It’s baffling as to how a computer programmer can get attached to a Sifra, even after knowing the truth. Aryan does show his hurt initially. The constant smoking, long face, beard, is so reminiscent of his loser Kabir Singh avatar.  TBMAUJ [2024] is insufferable, rather inSIFRAble due to the ham fest by Shahid Kapoor. Take out a Kaminey [2009], Haider [2014], Shahid Kapoor has largely flattered to deceive in his 21 year career. He was fine in his maiden web series Farzi [2023] but this Aryan from Teri Baaton Mein… has farzi (fake) written all over it.

Kriti Sanon’s been around for a decade and like Kapoor, she, too, has struggled for consistency. The last few years have been tough for her. Yes, she did get a National Award for Best Actress for Mimi [2021], but was it truly deserving? Adipurush [2023] was followed by another disaster in Ganapath [2023]. Regrettably, Sanon is below par. Both Kapoor and Sanon have often copped criticism for their woody display. So was there merit in Sanon playing a robot?

This reviewer is no robotic expert, but can robots move their limbs, dance as freely like humans? What disappoints more is that Sanon seldom convinces you as a robot. In fact, for the best part of the role, Sifra comes across as more human than machine. Press the switch off button and Sifra resembles a still robot. It isn’t until the chaotic climax where Sifra truly operates like one.

Make no mistake. There was potential in this story, but the director duo of Amit Joshi, Aradhana Sah have made a complete meal of it. The insipid screenplay, shallow writing, direction hardly builds any engagement. For a programmer, it is shocking to see Aryan use slang words whilst communicating with Sifra. Throw a marvel, and trust Bollywood to reduce it to dust. Some of the banter is simply not worthy of family viewing.  Aryan’s little nephew catches him locking lips with Sifra. “Yeh toh hum sirf mooh meetha kar rahe the”, the uncle lies to his nephew. The boy hits backs, “Don’t fool me. I’ve seen my parents do the same many times”.  Phew, how did CBFC pass such scene? Though adorable, we didn’t appreciate this child artiste in his cocky avatar in a TV commercial of a noted hospitality company.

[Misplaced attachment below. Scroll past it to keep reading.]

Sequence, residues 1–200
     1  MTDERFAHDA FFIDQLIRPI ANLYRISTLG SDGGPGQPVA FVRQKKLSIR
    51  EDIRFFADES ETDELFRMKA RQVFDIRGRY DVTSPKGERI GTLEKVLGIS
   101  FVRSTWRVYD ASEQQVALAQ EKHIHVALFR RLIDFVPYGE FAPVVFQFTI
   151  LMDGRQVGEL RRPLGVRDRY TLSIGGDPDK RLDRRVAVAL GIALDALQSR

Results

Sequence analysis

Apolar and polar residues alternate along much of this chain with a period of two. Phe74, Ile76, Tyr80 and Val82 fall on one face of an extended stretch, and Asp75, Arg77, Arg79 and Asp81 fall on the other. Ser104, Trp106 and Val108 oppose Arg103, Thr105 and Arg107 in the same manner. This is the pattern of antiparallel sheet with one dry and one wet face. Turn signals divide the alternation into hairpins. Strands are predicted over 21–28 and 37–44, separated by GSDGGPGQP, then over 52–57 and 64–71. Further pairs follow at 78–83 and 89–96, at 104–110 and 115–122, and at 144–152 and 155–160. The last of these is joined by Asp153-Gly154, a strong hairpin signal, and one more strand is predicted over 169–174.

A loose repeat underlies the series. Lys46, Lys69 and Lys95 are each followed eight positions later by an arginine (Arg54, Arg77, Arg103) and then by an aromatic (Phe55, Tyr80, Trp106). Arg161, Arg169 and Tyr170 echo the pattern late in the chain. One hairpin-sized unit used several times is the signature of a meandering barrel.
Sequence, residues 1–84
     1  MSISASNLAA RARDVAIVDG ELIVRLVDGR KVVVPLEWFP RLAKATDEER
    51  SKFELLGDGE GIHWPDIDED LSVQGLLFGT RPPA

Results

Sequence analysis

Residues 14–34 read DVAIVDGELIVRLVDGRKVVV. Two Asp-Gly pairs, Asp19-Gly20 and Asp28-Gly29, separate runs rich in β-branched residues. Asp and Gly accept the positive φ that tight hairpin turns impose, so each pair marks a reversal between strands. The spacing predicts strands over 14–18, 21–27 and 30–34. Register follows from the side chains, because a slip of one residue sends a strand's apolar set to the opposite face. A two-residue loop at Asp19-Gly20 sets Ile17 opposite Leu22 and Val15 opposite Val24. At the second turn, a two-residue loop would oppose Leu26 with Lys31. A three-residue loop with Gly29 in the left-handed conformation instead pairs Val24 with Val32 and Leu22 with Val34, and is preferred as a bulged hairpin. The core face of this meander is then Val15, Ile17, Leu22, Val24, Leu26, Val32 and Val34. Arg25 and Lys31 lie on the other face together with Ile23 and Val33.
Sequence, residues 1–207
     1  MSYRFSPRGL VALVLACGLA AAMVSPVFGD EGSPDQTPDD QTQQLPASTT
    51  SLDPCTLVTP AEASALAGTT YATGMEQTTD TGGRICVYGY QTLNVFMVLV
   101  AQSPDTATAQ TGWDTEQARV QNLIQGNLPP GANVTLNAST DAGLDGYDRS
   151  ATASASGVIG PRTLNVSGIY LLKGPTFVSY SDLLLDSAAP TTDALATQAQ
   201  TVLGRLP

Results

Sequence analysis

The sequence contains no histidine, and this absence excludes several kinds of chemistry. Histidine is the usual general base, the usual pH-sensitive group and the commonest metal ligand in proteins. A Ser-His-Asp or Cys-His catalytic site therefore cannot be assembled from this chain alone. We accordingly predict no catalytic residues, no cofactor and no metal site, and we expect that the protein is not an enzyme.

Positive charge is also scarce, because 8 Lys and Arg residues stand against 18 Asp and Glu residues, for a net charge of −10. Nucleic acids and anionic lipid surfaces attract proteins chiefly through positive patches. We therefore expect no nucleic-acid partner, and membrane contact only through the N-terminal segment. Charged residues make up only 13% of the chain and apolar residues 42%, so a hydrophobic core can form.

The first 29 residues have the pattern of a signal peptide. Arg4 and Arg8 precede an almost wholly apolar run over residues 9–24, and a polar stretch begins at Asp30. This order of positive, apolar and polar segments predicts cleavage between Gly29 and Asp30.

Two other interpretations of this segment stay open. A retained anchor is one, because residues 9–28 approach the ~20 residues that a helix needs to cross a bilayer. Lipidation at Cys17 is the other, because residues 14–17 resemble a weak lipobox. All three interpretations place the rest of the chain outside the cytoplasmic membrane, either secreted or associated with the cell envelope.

The lone saving grace of the film is Anubha Fatehpuria, who plays Aryan’s mother Sharmila.  Though a cameo, the veteran Dharmendra shows more energy than Shahid Kapoor. A couple of tracks are fine with Shahid Kapoor reminding why his dancing skills are largely untapped in Bollywood. The lip sync though could have been better in the Laal Peeli Akhiyan song. The production design, especially the swanky interior in Urmila’s American pad, and the Aryan family palatial house in Delhi, is a sight to behold for affluent customers than film enthusiasts. The largely dull screenplay makes it tough to sit for 143 minutes.

On the face of it, a human-robot bond might seem refreshing for some, but there is a sense of déjà vu to these so-called family dramas from Maddock. They often bank on guarding a secret. There’s nothing uljha about Teri Baaton Mein… The poor screenplay, average dialogues, and the below par performances can’t escape the eye of the discerning viewer. Despite their flaws, quite a few of Maddock’s preceding family dramas have tasted success. Whilst we found TBMAUJ inSIFRAble, neverknow, a Sifra can spring a surprise.

Watch the video review below.